Judith Krug Fund will provide $2,500 and $1,000 awards to Read-Outs
CHICAGO – The Freedom to Read Foundation (FTRF), through its Judith F. Krug Memorial Fund, will provide two grants—one for $2,500 and one for $1,000—to two organizations to support “Read-Outs” celebrating Banned Books Week 2010. Applications for the grants will be accepted through Aug. 27, and the announcements will be made the week of Sept. 6. Banned Books Week 2010 will be held Sept. 25–Oct. 2.
This is the first announced project for the Judith Krug Memorial Fund, established after Krug’s death in April 2009. Krug was the founding executive director of the Freedom to Read Foundation, which was established in 1969 as a First Amendment legal defense organization affiliated with the American Library Association (ALA). Krug founded Banned Books Week in her capacity as director of the ALA Office for Intellectual Freedom.
A Banned Books Week Read-Out is an event during which people celebrate the freedom to read by gathering to read from books that have been banned or challenged over the years. To help kick off this year’s Banned Books Week, ALA will be holding its annual Read-Out on Saturday, Sept. 25 in Chicago’s Washington Square Park—also known as Bughouse Square. Authors of some of the most frequently challenged books of 2009 will be reading from their works, including Lauren Myracle (the TTYL, TTFN, L8R G8R series), Peter Parnell and Justin Richardson ("And Tango Makes Three"), Stephen Chbosky ("Perks of Being a Wallflower"), and Carolyn Mackler ("The Earth, My Butt, and Other Big Round Things"). Award-winning (and frequently challenged) author Chris Crutcher will emcee the event.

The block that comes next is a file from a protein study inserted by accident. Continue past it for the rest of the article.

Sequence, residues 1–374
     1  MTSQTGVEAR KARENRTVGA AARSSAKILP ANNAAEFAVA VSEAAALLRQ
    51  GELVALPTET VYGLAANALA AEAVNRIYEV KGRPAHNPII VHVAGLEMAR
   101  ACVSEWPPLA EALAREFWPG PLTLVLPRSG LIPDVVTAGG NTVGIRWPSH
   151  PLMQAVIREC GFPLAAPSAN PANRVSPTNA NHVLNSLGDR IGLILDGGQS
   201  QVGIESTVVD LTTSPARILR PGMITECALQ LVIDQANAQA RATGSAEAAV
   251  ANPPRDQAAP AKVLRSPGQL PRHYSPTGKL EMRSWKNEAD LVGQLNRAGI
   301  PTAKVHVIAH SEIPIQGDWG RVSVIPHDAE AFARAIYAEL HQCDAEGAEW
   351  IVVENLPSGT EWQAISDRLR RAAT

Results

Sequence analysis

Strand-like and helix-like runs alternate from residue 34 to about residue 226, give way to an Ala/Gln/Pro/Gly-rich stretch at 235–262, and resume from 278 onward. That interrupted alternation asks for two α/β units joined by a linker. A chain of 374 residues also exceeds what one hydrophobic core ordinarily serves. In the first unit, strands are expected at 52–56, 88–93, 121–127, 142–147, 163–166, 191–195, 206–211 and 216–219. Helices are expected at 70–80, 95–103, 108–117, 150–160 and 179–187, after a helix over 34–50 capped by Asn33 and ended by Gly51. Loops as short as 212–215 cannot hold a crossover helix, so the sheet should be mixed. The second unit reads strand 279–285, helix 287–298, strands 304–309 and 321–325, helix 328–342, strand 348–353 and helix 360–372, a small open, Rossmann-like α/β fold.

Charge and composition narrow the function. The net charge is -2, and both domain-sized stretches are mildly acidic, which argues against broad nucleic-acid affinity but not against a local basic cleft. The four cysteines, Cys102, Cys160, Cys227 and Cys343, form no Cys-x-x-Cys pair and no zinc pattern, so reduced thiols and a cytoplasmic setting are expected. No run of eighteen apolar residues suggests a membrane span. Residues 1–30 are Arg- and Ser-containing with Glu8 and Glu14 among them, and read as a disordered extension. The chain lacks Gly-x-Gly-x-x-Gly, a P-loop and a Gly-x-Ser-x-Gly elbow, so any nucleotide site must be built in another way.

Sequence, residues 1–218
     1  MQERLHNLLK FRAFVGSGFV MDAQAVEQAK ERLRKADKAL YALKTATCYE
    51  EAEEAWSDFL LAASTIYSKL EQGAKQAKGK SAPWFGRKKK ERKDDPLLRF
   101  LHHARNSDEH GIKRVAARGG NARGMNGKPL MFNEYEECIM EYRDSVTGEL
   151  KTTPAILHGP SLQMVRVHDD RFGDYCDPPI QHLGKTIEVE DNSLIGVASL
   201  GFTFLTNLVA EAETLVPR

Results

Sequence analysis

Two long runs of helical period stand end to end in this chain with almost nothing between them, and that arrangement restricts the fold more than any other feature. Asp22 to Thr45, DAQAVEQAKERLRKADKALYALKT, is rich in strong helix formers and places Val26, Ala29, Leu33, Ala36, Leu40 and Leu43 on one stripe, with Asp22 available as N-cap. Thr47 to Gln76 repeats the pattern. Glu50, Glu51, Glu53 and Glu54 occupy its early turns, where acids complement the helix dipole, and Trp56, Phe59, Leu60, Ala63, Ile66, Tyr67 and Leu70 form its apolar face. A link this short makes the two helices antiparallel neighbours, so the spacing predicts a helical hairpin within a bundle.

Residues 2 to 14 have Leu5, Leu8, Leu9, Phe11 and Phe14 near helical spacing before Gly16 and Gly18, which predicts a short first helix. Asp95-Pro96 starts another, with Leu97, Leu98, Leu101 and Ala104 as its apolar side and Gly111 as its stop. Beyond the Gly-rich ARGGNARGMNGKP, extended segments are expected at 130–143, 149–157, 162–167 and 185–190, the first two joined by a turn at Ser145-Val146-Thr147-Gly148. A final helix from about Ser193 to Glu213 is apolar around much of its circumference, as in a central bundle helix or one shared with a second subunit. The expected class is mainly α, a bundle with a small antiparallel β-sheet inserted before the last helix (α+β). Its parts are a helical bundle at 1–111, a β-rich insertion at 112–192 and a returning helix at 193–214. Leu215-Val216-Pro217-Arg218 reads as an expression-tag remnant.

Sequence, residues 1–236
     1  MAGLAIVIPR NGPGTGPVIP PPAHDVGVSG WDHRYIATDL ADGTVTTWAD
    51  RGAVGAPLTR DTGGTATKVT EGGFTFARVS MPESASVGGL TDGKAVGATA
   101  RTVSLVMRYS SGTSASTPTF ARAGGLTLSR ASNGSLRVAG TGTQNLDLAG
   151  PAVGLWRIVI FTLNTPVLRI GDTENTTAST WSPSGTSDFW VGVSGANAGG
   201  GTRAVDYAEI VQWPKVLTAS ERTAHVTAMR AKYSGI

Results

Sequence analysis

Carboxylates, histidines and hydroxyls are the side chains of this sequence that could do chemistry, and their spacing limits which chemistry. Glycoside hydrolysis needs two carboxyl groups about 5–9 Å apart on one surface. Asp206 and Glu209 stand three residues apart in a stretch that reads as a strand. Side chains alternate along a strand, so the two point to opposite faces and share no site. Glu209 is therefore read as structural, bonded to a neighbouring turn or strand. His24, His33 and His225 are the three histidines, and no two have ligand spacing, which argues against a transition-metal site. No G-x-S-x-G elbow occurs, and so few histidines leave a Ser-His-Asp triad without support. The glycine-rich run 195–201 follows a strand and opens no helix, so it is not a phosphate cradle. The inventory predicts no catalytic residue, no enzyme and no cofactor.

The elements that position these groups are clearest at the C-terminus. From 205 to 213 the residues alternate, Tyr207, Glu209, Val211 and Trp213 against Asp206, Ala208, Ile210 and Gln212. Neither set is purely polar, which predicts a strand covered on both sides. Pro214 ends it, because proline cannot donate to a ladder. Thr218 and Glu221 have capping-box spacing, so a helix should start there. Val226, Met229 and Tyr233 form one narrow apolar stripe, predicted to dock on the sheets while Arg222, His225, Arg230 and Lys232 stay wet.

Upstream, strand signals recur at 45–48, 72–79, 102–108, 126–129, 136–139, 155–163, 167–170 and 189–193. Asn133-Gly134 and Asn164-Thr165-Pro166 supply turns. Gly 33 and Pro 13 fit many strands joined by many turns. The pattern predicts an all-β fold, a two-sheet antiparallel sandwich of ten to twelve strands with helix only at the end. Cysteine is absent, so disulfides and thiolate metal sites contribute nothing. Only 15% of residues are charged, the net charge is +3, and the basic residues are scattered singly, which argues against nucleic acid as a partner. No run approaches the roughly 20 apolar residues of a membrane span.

“Judith Krug always loved the Chicago Read-Outs,” said Freedom to Read Foundation President Kent Oliver. “She enjoyed talking with the authors, the performers and particularly with the many young readers who came to hear the authors and get some wonderful books! She also always delighted in learning about other events going on around the country. She was so proud of Banned Books Week and how it was embraced nationally in schools, libraries, universities, book stores and online. We’re thrilled to offer these grants to encourage others around the country to hold their own celebrations of our freedom to read.”
To apply for a Judith Krug Banned Books Week Event grant, visit www.ala.org/krugfund. Organizations are required to submit an event description, timeline and budget with their application, as well as agree to provide a written report and video to FTRF following Banned Books Week. For more information on Banned Books Week, visit www.ala.org/bbooks. A compendium of thousands of books that have been banned and challenged can be found in the "2010 Banned Books Resource Guide," available via the ALA Store at www.alastore.ala.org. You can also purchase Banned Books Week posters, buttons, bookmarks, t-shirts, bracelets, and tote bags there.